Having too much confidence is not good. And now, a new study has confirmed this by finding that overconfident teenage students can stunt crucial reading skills.
The study shows a clear connection between overconfident students and low reading comprehension.
"While some self-confidence is helpful, overconfident 15-year-olds are often below-average readers in all 34 countries we studied," says Ming Ming Chiu, the lead author of the study and a professor in the Department of Learning and Instruction in the University at Buffalo's Graduate School of Education.
"In contrast, under-confident 15-year-olds are more likely to be above-average readers in all 34 countries," the expert added.
The difference lies in a student's ability to accurately assess and evaluate his or her own reading level, according to Chiu. Those who can accurately gauge their strengths and weaknesses are usually in a better position to identify realistic goals and achieve them.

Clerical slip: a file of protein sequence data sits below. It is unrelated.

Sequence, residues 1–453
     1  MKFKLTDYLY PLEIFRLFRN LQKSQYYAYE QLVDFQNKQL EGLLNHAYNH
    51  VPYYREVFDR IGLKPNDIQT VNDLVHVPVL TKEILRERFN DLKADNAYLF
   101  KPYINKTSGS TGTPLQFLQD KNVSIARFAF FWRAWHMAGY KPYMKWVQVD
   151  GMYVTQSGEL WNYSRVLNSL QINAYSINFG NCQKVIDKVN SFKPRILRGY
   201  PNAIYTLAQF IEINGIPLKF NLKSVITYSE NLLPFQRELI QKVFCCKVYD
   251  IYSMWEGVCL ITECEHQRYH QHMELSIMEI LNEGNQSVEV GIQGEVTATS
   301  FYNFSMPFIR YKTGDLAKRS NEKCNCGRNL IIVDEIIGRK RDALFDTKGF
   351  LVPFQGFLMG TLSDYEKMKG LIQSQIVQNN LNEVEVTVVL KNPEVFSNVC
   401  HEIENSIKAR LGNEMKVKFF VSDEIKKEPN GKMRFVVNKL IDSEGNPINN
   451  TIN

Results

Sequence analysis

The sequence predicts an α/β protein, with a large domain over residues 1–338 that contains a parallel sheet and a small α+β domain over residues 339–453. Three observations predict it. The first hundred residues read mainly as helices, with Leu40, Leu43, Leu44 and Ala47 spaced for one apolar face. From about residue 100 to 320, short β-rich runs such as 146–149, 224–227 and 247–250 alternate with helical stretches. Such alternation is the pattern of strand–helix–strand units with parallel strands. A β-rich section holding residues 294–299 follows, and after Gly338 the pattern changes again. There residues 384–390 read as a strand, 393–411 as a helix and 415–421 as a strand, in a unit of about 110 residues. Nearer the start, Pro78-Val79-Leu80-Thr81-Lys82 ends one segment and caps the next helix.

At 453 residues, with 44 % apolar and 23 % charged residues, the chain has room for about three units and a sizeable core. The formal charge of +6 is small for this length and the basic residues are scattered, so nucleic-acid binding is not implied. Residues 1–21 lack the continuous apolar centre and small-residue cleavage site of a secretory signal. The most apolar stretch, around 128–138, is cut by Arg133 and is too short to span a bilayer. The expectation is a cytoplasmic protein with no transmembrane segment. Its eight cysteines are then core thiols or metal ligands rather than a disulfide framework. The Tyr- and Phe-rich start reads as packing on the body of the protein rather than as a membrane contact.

"If an overconfident student chooses a book that is too hard-such as 'The Lord of the Rings' rather than 'Harry Potter and the Sorcerer's Stone'-he or she might stop reading after a few pages and let it sit on a bookshelf," says Chiu.
"In contrast, a more self-aware student is more likely to finish an easier book and continue reading more books," the expert added.
The research was the first large-scale international study of almost 160,000 students' overconfidence and reading levels (including nearly 4,000 U.S. students).
It was co-written by Robert Klassen, associate professor in the University of Alberta's Department of Educational Psychology, and was published in the July edition of the professional educators' journal Learning and Individual Differences.